Merrill Lynch is relaxing restrictions on offering clients commission-based accounts, the company said in an internal memo. The decision is a reversal from its earlier strategy which had excluded such accounts as part of the firm’s plans to comply with the fiduciary rule.
"We have analyzed the limited situations where recommending a fee-based arrangement might not be in a client's best interest and have considered alternatives [to the firm's Investment Advisory Program] for these situations," Andy Sieg, head of the wirehouse, told employees Thursday.
The firm had previously indicated that it was re-evaluating policies that it first laid out in October. Merrill was one of the first firms to say whether it would continue to offer clients commission-based retirement accounts under the fiduciary rule, and framed its decision within its larger goal of raising the standard of client care. Nearly all of its major competitors went in the opposite direction, opting to continue offering commission-based accounts under the fiduciary rule's best interest contract exemption.
In recent months, the wirehouse lost many advisers to rivals. Some of the departing brokers cited Merrill's fiduciary policy as the primary catalyst for their move.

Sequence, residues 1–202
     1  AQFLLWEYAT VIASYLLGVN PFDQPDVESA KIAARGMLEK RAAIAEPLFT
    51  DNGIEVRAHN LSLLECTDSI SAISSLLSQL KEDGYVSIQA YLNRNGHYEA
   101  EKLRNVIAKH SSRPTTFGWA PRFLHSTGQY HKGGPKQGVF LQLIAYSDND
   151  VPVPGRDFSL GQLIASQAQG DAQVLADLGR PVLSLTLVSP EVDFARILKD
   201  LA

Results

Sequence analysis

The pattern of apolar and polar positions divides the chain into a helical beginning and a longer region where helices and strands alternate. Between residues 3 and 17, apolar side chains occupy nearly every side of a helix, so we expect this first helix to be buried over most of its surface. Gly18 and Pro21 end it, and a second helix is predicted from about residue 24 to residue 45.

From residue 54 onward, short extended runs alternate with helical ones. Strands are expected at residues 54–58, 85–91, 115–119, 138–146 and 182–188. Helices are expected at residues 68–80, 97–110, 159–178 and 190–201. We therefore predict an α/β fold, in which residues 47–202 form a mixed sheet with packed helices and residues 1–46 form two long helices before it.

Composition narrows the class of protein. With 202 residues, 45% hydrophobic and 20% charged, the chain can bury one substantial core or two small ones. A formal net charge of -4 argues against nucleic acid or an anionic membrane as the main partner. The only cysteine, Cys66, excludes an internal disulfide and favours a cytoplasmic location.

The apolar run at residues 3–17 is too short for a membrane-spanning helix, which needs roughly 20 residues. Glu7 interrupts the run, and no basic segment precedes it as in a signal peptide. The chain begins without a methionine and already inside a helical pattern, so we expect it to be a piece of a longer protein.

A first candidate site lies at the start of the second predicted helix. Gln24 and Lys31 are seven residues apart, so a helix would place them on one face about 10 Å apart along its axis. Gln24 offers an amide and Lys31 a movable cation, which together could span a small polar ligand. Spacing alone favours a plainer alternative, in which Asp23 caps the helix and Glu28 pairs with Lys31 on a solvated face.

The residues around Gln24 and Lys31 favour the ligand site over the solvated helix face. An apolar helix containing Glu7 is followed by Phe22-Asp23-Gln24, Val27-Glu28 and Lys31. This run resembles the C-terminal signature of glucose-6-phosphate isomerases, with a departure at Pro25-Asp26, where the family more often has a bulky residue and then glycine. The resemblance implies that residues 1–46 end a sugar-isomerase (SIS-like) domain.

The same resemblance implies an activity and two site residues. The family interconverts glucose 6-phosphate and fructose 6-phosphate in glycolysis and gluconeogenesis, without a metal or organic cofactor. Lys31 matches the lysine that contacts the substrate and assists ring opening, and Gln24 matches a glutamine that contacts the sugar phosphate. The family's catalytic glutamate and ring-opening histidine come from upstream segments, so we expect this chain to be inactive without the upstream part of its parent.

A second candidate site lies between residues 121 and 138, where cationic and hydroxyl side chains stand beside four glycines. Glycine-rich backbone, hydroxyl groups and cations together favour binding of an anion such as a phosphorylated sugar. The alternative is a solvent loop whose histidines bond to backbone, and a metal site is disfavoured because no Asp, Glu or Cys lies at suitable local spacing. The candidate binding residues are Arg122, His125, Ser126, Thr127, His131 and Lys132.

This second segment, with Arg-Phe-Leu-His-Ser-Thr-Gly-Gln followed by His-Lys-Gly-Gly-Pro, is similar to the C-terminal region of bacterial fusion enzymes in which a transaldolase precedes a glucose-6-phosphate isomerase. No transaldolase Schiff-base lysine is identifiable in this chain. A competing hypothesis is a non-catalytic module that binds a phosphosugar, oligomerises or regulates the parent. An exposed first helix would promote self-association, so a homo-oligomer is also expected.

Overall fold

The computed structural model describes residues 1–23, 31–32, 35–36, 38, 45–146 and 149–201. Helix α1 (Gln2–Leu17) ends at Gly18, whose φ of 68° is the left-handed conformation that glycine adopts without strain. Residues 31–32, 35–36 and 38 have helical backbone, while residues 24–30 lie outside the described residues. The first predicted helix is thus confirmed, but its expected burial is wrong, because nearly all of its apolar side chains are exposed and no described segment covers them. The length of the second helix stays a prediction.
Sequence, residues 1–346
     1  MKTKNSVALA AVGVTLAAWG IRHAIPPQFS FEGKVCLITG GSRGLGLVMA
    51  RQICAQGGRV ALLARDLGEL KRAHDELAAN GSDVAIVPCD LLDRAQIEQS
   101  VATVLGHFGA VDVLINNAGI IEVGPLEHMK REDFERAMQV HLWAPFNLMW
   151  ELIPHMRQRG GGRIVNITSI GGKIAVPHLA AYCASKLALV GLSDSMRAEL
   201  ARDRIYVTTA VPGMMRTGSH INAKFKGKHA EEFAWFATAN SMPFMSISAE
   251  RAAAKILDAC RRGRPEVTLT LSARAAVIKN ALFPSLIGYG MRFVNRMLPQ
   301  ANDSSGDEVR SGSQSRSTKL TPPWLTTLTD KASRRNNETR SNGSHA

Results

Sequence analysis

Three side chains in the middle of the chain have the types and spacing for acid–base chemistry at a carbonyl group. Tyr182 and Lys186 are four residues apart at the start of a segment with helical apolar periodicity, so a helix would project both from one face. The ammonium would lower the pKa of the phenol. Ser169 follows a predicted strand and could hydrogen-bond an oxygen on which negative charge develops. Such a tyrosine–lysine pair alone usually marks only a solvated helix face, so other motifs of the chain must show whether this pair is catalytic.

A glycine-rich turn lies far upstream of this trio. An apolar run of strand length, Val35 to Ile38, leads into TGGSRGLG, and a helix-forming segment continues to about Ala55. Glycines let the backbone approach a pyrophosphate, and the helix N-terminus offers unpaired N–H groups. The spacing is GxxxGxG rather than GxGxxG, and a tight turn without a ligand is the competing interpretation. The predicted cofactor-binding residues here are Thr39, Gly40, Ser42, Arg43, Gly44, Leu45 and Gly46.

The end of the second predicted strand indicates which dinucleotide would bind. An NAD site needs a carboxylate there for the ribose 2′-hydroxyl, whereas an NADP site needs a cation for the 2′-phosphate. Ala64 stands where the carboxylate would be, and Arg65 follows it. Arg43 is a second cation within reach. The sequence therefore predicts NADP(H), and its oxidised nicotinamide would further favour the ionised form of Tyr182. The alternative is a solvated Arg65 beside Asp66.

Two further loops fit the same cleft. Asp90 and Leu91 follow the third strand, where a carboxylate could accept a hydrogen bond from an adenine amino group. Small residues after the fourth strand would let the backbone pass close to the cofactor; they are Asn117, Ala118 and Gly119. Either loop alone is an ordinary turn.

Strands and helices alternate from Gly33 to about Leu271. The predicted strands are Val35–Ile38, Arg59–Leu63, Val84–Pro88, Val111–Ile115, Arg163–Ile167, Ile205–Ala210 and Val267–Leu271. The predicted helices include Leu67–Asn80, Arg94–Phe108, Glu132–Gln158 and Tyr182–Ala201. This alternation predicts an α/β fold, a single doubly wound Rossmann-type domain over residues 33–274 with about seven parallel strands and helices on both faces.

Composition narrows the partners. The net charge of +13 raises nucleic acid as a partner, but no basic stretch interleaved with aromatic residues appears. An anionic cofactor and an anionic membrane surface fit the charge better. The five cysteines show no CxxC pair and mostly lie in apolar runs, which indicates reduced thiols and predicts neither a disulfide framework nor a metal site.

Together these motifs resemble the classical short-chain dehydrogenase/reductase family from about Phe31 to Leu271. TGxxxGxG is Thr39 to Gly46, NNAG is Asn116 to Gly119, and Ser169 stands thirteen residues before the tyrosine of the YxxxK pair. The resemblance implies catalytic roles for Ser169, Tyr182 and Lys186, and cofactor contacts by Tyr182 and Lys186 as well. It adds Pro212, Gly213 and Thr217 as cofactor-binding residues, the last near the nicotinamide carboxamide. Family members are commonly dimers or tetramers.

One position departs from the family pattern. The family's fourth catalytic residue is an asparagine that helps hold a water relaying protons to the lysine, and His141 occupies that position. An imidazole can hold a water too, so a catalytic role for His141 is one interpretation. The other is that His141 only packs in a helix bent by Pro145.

"We want to be able to rise to whatever the occasion is based on the client's needs," said Patricia Bennet, who left Merrill for Raymond James. She generated approximately $1 million in annual revenue, according to her new employer.
In March, three teams overseeing more than $575 million left for Morgan Stanley because the rival wirehouse said it would maintain its commission-based offering.
GETTING READY FOR JUNE 9
Among the ways Merrill plans to offer greater flexibility to advisers, the firm will roll out a limited purpose brokerage IRA in June; it will use the fiduciary's best interest contract exemption for this offering. Other wirehouses, regional firms and IBDs have also said that they would use that exemption to continue offering clients commission-based retirement accounts.
Merrill Lynch advisers will also have access to annuities within IAP by the end of May. The firm is also exploring offering additional investments through that program, including hedge funds and new-issue CDs.
The fiduciary rule's implementation date was delayed by 60 days so that the Department of Labor could complete a review of the regulation ordered by President Trump.
Merrill Lynch is "operating under the assumption that the applicability date of the Department of Labor’s fiduciary rule will be June 9," Sieg told employees, adding they can expect additional support as June approaches.
"Foremost in our mind is the need to ensure you have the resources and support necessary to provide investment advice in our clients' best interests with respect to their retirement accounts," he said.
The Labor Department has not indicated whether it will rescind or revise the regulation. But some experts and industry observers think that the regulation will likely go into effect with few changes due to the onerous nature of the rule-making process.
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